Background: There are limited data on the seasonal variation in acute myocardial infarction (AMI) in the contemporary literature. Hypothesis: There would be decrease in the seasonal variation in the management and outcomes of AMI. Methods: Adult (>18 years) AMI admissions were identified using the National Inpatient Sample (2000-2017). Seasons were classified as spring, summer, fall, and winter. Outcomes of interest included prevalence, in-hospital mortality, use of coronary angiography, and percutaneous coronary intervention (PCI). Subgroup analyses for type of AMI and patient characteristics were performed. Results: Of the 10 880 856 AMI admissions, 24.3%, 22.9%, 22.2%, and 24.2% were admitted in spring, summer, fall, and winter, respectively. The four cohorts had comparable age, sex, race, and comorbidities distribution. Rates of coronary angiography and PCI were slightly but significantly lower in winter (62.6% and 40.7%) in comparison to the other seasons (64-65% and 42-43%, respectively) (P <.001). Compared to spring, winter admissions had higher in-hospital mortality (adjusted odds ratio [aOR]: 1.07; 95% confidence interval [CI]: 1.06-1.08), whereas summer (aOR 0.97; 95% CI 0.96-0.98) and fall (aOR 0.98; 95% CI 0.97-0.99) had slightly lower in-hospital mortality (P <.001). ST-segment elevation (10.0% vs 9.1%; aOR 1.07; 95% CI 1.06-1.08) and non-ST-segment elevation (4.7% vs 4.2%; aOR 1.07; 95% CI 1.06-1.09) AMI admissions in winter had higher in-hospital mortality compared to spring (P <.001). The primary results were consistent when stratified by age, sex, race, geographic region, and admission year. Conclusions: Compared to other seasons, winter admission was associated with higher in-hospital mortality in AMI in the United States.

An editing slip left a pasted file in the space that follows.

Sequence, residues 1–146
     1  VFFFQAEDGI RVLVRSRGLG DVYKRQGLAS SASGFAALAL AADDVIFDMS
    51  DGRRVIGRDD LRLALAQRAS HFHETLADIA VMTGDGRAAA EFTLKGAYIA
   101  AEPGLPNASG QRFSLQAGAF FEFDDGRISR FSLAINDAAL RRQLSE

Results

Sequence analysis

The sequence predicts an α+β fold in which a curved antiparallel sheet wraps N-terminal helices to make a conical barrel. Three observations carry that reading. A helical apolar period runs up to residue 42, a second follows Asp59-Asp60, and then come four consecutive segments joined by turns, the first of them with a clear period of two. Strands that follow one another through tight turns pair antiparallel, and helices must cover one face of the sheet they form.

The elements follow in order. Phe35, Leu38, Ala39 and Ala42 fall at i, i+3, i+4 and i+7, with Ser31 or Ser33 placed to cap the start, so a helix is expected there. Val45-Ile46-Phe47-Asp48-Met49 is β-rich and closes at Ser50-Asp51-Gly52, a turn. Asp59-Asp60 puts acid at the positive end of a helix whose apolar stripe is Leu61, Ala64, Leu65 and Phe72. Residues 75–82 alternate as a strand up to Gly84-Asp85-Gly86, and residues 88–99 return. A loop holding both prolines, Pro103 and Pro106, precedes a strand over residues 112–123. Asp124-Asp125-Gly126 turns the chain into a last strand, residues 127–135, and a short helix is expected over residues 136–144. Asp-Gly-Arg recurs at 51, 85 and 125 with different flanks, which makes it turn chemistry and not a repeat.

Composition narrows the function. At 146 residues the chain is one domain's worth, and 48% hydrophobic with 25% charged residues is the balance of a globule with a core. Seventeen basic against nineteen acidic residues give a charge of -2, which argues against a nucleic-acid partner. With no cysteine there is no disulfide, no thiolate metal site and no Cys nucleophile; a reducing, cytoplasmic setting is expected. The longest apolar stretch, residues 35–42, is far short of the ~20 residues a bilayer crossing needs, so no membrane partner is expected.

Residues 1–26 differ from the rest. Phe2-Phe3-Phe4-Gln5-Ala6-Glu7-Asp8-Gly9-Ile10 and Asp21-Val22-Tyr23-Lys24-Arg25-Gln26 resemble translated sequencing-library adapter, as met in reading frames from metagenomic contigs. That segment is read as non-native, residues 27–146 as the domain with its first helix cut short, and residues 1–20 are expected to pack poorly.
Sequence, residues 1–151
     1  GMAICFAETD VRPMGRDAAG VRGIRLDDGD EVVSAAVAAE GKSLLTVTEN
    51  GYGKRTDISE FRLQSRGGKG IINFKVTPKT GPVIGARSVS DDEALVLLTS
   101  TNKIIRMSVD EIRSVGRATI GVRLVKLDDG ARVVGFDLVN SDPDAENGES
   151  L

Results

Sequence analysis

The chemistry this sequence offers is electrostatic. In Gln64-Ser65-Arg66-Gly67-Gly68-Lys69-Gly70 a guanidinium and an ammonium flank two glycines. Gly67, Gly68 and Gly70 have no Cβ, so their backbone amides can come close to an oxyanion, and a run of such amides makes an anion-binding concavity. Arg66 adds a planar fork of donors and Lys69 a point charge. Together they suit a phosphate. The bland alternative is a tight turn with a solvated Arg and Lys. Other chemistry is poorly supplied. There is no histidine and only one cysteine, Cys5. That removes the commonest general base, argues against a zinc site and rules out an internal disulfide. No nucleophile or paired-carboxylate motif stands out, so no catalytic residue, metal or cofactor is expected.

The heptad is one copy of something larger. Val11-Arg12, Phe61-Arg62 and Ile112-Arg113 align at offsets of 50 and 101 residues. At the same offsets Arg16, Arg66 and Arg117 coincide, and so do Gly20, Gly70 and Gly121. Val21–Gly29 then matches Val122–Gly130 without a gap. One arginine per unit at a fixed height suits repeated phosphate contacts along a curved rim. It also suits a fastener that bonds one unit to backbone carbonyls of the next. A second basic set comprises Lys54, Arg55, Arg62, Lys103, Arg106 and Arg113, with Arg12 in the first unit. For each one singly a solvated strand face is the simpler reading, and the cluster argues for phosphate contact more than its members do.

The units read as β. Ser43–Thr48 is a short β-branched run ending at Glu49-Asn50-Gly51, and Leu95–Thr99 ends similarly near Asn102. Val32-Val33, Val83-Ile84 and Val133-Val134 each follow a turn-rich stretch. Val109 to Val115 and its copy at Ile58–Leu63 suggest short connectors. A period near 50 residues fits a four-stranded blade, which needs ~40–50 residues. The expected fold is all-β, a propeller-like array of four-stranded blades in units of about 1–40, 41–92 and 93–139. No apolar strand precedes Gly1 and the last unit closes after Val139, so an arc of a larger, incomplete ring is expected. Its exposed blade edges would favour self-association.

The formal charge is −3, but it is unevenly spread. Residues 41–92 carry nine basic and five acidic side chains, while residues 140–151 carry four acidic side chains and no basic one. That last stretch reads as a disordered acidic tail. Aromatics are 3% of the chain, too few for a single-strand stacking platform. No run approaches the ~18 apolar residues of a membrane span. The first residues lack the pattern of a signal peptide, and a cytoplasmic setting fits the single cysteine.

- acute myocardial infarction
- healthcare disparities
- outcomes research
ASJC Scopus subject areas
- Cardiology and Cardiovascular Medicine